It’s a well-known fact that a cup of coffee or two in the morning gives us the energy push we need to clear our minds and get busy on a project. In fact, psychology researchers from Tufts University have recently published a paper in the Journal of Experimental Psychology: Applied that caffeine is particularly a great stimulant that enhances a person’s ability to process information related to the more complex aspects of language and writing.
According to a news release by Tufts University, “Coffee is the most widely used psycho-stimulant in the world,” says Holly Taylor, a professor of psychology in the School of Arts and Sciences. The study was part of a larger research program looking at arousal and cognitive behavior.
In the study, 36 participants who were relatively light-weight coffee drinkers (approximately ½ cup per day) were given a test consisting of identifying and correcting mistakes in a one-page news release in a 5-minute time frame. To determine the effects of coffee on completing this task, the participants were given either 0, 100, 200, or 400 milligrams of caffeine that are equivalent to no coffee, 8 ounces of coffee, 16 ounces of coffee, and 20 ounces of coffee respectively.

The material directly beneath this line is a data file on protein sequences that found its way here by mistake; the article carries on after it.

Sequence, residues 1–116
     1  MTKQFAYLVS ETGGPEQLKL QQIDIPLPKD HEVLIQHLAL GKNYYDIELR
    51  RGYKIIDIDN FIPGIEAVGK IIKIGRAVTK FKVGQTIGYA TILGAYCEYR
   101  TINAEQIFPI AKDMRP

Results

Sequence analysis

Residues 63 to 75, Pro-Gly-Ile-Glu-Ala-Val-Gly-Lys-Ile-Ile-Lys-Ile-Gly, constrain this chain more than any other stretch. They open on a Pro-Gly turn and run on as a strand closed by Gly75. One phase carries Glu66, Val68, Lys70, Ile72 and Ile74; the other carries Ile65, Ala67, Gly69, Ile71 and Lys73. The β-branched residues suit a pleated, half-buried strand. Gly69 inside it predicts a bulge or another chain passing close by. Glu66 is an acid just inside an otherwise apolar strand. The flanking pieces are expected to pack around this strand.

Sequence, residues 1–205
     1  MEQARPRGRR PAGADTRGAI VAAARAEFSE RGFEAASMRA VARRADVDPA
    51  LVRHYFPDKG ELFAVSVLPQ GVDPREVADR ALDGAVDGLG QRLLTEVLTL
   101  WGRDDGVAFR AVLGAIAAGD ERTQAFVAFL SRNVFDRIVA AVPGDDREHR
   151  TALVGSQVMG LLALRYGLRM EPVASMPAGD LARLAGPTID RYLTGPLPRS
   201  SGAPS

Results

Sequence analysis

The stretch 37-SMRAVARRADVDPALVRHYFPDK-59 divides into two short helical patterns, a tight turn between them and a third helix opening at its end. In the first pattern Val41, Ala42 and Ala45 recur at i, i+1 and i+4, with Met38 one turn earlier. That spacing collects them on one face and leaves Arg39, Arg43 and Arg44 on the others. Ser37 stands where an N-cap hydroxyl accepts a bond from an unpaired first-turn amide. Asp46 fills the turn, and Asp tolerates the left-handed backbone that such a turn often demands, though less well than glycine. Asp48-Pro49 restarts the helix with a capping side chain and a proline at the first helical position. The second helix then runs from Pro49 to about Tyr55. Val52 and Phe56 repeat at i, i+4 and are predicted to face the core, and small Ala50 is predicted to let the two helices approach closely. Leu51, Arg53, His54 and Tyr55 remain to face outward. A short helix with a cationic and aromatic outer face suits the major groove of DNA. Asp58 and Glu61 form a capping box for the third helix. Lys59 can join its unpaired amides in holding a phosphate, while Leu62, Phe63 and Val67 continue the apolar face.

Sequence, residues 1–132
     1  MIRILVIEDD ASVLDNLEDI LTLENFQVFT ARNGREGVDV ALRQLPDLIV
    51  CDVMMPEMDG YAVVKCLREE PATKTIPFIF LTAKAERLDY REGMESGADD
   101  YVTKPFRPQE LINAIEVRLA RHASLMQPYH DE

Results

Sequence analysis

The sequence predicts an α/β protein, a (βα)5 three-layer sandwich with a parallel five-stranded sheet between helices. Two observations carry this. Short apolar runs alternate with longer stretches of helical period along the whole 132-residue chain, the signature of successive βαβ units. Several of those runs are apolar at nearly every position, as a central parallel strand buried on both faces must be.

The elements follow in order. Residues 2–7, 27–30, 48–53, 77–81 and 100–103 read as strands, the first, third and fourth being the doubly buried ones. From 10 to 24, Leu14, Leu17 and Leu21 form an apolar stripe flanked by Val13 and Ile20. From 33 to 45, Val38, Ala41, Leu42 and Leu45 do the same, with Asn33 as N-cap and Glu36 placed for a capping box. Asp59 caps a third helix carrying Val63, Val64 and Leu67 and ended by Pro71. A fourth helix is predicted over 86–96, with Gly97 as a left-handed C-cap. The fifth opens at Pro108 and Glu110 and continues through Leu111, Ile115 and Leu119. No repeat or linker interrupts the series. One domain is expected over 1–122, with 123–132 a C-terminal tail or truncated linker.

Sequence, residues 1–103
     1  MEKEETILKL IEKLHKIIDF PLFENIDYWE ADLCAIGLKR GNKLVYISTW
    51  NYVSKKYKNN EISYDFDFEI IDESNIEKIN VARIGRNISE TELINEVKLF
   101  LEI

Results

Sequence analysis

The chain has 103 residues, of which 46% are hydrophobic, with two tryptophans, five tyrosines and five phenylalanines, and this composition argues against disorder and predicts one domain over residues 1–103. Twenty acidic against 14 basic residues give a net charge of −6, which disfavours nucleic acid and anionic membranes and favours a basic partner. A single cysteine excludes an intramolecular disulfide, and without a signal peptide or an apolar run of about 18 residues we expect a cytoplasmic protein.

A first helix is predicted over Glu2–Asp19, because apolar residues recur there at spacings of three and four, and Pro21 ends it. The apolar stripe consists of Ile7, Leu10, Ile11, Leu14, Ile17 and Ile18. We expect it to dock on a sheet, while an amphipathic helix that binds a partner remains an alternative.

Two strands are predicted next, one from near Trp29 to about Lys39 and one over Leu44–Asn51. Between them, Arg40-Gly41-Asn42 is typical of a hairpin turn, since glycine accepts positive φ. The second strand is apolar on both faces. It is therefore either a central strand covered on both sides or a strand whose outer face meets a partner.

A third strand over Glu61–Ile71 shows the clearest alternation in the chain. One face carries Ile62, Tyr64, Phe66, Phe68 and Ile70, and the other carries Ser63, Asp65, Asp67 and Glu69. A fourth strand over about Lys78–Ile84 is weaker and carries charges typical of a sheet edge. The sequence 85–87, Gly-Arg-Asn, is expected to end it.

A second study identical to the first with the exception that the participants were relatively heavy coffee drinkers—three cups (24 ounces) of coffee per day—were tested in comparison.
What the study revealed was that while taking caffeine did not improve the participant’s abilities for detecting spelling errors, it did improve their abilities in identifying and correcting more complex mistakes related to subject and verb agreement and verb tense.
Furthermore, the results showed that the participant’s normal levels (relatively low and relatively high) of caffeine did best only when given an extra boost of caffeine. The relatively low coffee drinkers performed best with 200 milligrams of caffeine, whereas the relatively heavy coffee drinkers needed 400 milligrams or more to perform better on the test.
The researchers concluded that caffeine as a central nervous system stimulant may enhance global processing of language-based materials and that such effects may originate in caffeine-related right hemisphere brain processes. The authors state that future testing will address the effect of caffeine on memory as well.
For an informative article about cancer prevention linked to coffee, follow this link to an article titled “Four Cups of Coffee a Day May Protect You from One of the Top 10 Cancers.”
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Reference: “Caffeine enhances real-world language processing: Evidence from a proofreading task” Journal of Experimental Psychology: Applied, Vol. 18(1), pp. 95-108 (2012); Brunyé, Tad T.; Mahoney, Caroline R.; Rapp, David N.; Ditman, Tali; Taylor, Holly A.